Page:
Linda Sue Park wrote the novel A LONG WALK TO WATER and used invisibles. In my classroom, we’d stop on page 40 where it said, “Marial was gone-“ and we wondered what happened. The author didn’t describe exactly what happened. We had to go back to re-read page 37 and then move forward. I’d guide my students through the page, discussing paragraphs where little hints occurred. Dropping clues for the reader set up the mysterious invisible event so the reader’s mind was able to fill in what was missing – the event that happened to Marial. Readers must actively think while reading so their brains can fill in the gap. By going back and re-reading together my students figured out how Marial “was gone.”

Linda Sue wrote at the top of page 37.:

“The group continued to walk through the land of Atout every day they saw lions, usually resting in the shade of small trees. Once in the distance, they saw a lion chasing a topi. The topi escaped, but along the path, Salva saw the bones of prey that had not been so fortunate.”

And then further down the page, page 37 to 38: 

“Salva took two steps off the path and fell asleep almost before he laid down. He did not wake until he felt uncle’s hand, shaking his shoulder. As he opened his eyes. He heard wailing. Someone was crying. Salva blinked away the sleepiness and looked at Uncle, whose face was very solemn. 

I’m sorry Salva,” Uncle said quietly, “Your friend…”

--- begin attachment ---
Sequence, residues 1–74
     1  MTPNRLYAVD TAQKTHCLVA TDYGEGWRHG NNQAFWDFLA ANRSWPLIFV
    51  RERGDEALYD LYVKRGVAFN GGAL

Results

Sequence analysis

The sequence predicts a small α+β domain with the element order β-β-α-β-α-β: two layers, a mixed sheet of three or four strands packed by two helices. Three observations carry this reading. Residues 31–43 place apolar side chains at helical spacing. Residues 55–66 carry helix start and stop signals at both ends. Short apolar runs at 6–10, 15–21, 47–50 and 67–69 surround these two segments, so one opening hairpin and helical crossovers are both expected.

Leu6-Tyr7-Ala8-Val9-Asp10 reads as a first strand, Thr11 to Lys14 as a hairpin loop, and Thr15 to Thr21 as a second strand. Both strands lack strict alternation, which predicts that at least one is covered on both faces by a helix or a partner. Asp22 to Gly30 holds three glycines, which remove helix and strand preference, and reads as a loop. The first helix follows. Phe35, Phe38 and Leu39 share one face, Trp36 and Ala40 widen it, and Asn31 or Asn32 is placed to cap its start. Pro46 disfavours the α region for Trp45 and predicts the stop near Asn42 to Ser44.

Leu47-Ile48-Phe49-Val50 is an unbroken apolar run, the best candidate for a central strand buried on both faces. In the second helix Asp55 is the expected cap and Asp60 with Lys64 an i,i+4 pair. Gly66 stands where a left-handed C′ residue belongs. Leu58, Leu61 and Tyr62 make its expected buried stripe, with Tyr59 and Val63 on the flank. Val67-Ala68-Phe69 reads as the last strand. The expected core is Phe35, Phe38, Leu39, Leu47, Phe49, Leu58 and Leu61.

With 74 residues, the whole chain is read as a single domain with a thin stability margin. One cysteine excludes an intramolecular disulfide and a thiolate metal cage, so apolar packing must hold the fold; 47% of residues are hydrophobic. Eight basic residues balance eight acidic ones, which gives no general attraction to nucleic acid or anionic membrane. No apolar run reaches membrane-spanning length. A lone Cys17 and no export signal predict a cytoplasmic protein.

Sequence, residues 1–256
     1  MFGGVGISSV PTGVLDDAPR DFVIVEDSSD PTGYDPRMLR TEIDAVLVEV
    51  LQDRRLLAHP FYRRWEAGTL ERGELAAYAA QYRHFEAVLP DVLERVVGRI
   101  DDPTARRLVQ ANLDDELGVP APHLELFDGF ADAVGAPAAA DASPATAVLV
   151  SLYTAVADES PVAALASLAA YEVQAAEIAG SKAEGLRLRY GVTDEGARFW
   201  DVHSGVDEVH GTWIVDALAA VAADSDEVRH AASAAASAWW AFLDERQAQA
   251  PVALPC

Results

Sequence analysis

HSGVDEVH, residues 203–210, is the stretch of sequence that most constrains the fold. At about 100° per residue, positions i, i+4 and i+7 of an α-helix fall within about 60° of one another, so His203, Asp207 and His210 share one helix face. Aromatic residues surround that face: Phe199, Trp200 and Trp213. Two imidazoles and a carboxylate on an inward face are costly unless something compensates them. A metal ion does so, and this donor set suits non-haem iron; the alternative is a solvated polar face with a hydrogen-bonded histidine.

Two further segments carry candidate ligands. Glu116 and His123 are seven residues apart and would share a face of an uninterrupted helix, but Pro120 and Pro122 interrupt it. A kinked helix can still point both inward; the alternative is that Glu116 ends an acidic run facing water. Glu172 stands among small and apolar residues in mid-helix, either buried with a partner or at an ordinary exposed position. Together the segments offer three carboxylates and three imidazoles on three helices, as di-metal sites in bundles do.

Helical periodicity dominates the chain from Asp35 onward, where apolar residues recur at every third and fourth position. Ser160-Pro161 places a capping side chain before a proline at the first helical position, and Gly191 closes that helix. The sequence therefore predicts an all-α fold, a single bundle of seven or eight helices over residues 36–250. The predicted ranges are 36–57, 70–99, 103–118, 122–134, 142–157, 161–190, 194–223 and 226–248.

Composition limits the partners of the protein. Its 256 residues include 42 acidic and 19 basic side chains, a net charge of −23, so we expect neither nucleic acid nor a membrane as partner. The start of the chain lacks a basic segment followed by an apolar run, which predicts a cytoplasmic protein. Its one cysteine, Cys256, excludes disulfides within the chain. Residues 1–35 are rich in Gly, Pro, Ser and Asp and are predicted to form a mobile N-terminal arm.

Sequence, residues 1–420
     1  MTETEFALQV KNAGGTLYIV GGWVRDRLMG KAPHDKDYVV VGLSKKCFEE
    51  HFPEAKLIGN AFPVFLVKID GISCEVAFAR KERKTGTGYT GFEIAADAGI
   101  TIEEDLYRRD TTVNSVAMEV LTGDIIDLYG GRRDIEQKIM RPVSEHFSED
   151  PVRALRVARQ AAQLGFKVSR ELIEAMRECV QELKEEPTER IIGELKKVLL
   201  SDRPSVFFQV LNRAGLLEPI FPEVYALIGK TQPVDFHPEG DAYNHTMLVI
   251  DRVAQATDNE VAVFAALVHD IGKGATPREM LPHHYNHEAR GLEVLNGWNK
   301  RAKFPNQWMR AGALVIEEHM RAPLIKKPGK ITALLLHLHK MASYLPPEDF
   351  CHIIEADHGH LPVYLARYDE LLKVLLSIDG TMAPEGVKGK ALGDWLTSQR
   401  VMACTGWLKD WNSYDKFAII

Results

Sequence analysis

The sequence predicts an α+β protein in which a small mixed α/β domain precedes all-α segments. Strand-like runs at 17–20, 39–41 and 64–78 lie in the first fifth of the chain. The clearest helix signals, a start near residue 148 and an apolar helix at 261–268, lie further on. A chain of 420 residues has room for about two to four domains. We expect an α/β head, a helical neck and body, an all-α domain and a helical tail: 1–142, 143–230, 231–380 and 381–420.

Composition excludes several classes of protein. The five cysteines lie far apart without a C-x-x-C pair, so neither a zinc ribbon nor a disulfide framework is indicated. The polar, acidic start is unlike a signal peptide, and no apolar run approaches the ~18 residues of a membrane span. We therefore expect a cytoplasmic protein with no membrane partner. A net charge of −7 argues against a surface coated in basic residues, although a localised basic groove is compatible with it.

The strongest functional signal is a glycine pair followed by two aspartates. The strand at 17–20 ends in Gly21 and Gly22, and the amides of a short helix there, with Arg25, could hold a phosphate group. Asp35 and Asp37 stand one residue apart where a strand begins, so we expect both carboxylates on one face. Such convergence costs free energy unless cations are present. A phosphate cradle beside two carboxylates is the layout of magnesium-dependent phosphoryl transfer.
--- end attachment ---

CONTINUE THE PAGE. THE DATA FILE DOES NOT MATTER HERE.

Marial? Salva looked around. He should be somewhere nearby…I don’t remember if he slept near me – I was so tired – Perhaps he was his gone to find something to eat- Uncle stroked Salva’s head as if you were a baby. “I am sorry,” he said again.

A cold fist seemed to grip Salva’s heart.”

Can you fill in the gap? What happened to his friend Marial? Linda Sue never states that he is taken by a lion, but readers can figure out the invisible event.

Linda Sue Park also used a similar technique (dropping hints in the setting) in her book titled PRAIRIE LOTUS on page 2:

“Sky’s clearing,” he said. “Maybe it’ll be easier to scare up a rabbit or something.” He went off with his gun on his arm, his long-legged strides covering ground quickly. 

Hanna watched him until he vanished behind a low rise. The endless prairie looked flat at first glance, but the land was never completely level. Rain had rinsed the gray and beige plains, leaving behind a translucence of green that was growing denser every day” 

Later on, she writes what happens on page 5:

“She lifted the three-legged cast-iron spider from its hook…Spider in hand, she jumped to the ground, took a few steps, and stopped in mid-stride. A group of Indians stood in a loose semicircle between the wagon and the fire. 

Hannah had seen Indians from the wagon several times, but always at a distance. At such moments, Papa seemed watchful, but not particularly worried.”

Linda Sue plants clues when you’re not really paying attention, kind of like a magician does with his magic tricks. Yet, Linda Sue explains enough so the reader’s mind can fill in the gaps. In PRAIRIE LOTUS, she doesn’t explain how all of a sudden, on the wide open prairie, people seem to appear out of nowhere. When you go back and re-read, the evidence is there, just enough so an active reader’s mind can infer what happened. These are great examples of invisibles.

Authors increase their own writing voice by using specific word choice and sentences. Word choice includes the use the tool Invisibles, and as authors, you can add to your Voice Toolbox when studying this tool and practicing the use of invisibles in your writing.

Best wishes expanding an element of style as a writer!

author of SIOUX CODE TALKERS OF WORLD WAR II

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Related Links

Post Choose to Improve Your Writing Voice

Author/Editor Cynthia Leitich Smith’s Website

Author Linda Sue Park’s Website

Andrea

Andrea

Children's Author and Educator